The NY Post reports:
For the second time in a week,a Manhattan appeals court has overturned the conviction of a teen found packing heat in a crime-ridden neighborhood after a stop-and-frisk.
In yesterday’s stunning decision, the five judge panel reversed the conviction of a14-year-old boy with a rap sheet whom cops found carrying a loaded handgun.
Both decisions are seen as a slap in the face to the NYPD’s stop-and-frisk program aimed at getting guns off the streets.
“They are basically saying officers need to wait for someone to stick a gun in their face before looking for a weapon, even when they have clear and legitimate suspicion,” fumed Mayor Bloomberg’s spokesman, Marc Lavorgna.
“They are establishing a precedent that is going to keep more guns on the street and get people killed.”
In the latest case, Jaquan Morant, then 14, was busted on June 11, 2010, outside the drug-plagued Manhattanville Houses in West Harlem with a 9mm pistol loaded with 11 rounds, according to court records.
Sources said the gun’s serial number had been scratched off.
Officer Mourad Arslanbeck said he saw Morant looking up and down the street, and making a quick phone call before he knelt down, removed a white object from his waistband, and slipped it into his backpack.
When the cop approached Morant, the Bronx boy asked, “What do you want from me? I’m only 14,” and claimed to be on his way to an address written on his arm — known to be “a high-crime, drug-prone location,” court records show.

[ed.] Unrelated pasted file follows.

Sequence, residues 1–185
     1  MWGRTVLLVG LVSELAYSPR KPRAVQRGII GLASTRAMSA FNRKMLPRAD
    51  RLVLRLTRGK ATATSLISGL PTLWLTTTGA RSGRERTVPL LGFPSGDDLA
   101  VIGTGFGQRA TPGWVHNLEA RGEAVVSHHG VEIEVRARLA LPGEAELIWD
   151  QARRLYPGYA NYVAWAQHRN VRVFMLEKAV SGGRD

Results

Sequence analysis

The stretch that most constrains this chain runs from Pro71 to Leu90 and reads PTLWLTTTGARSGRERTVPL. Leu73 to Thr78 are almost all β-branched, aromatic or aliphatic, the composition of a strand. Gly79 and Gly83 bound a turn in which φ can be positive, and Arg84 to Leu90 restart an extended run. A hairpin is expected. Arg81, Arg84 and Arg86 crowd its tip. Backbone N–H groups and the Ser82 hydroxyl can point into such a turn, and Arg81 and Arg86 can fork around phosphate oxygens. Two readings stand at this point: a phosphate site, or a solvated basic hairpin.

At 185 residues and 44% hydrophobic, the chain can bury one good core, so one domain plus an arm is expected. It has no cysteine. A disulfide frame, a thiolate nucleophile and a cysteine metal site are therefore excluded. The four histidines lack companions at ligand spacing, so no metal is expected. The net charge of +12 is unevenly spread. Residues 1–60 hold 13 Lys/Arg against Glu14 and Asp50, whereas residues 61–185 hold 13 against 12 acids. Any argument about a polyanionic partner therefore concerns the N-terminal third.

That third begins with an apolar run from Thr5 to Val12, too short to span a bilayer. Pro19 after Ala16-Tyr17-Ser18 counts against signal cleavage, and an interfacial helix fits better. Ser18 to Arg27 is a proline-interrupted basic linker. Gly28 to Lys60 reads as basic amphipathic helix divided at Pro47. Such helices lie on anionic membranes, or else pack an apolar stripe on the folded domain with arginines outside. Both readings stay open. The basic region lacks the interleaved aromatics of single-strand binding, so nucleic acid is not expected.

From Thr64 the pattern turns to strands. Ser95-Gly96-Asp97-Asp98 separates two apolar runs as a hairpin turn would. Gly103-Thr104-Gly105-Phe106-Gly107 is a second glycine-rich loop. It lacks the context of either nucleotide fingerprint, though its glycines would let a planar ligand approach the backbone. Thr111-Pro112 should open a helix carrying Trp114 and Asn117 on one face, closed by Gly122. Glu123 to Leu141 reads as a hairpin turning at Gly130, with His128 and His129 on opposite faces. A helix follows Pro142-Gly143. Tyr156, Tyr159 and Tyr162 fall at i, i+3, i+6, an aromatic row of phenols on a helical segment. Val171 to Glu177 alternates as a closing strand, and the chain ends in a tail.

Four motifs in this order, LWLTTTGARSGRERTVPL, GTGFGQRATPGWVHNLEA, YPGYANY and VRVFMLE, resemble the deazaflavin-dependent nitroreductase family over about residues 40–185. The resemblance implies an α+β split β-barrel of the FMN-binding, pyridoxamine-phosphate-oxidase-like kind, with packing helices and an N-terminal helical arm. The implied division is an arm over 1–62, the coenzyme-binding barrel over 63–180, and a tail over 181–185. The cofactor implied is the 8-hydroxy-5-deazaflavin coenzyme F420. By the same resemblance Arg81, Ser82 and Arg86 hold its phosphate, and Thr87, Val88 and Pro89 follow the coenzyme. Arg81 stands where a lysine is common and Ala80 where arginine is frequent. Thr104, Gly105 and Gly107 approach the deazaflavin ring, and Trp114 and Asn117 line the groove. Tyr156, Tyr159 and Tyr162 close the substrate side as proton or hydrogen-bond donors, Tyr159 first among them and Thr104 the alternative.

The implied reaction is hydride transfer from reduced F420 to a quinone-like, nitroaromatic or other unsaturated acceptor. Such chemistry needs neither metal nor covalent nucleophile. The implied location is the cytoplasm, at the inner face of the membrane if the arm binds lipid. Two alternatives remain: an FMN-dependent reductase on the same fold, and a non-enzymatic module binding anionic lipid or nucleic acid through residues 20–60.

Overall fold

The “fidgety” teen denied anything was in the backpack, even though it felt very heavy to the cop.
Morant gave the cop permission to search his backpack for his school ID. There, Arslanbeck found the loaded gun.
Morant was sentenced to 15 months’ probation, but appealed.
In a 3-2 ruling, the judges said Arslanbeck lacked both the reasonable suspicion needed to justify patting down Morant and the probable cause needed to search the backpack.
The teen’s mom, Kimberly Morant, last night told The Post she wasn’t aware of the court’s decision but said, “I’m glad [the conviction] was tossed out.”
Of her son’s gun bust, the Bronx mom said, “I’m still trying to forget about it.
“I don’t know where he got it from.’’
Asked if Jaquan — whom law-enforcement sources said has two prior busts, for robbery and grand larceny — was a good child, she replied, “He’s an all right kid.’’
In the earlier reversal, the judges overturned the conviction and probation sentence of Darryl Craig, also 14, who was found toting a loaded .25-caliber pistol. Three months after Craig was busted, he allegedly shot and nearly killed a Queens man.
Michael Cardozo, head of the city’s Law Department, said he will appeal the rulings in both cases.
(Source: NY Post)